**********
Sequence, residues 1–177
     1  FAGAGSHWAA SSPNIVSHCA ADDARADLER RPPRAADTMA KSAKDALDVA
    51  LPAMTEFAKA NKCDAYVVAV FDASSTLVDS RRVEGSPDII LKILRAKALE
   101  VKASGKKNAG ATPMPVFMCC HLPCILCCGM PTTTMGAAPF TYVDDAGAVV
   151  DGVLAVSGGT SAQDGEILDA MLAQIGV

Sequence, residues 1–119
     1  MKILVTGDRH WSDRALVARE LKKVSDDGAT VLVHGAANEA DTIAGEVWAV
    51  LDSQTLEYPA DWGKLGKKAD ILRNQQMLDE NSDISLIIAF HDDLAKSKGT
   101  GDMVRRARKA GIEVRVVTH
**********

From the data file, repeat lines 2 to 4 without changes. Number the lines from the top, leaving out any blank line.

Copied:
     1  FAGAGSHWAA SSPNIVSHCA ADDARADLER RPPRAADTMA KSAKDALDVA
    51  LPAMTEFAKA NKCDAYVVAV FDASSTLVDS RRVEGSPDII LKILRAKALE
   101  VKASGKKNAG ATPMPVFMCC HLPCILCCGM PTTTMGAAPF TYVDDAGAVV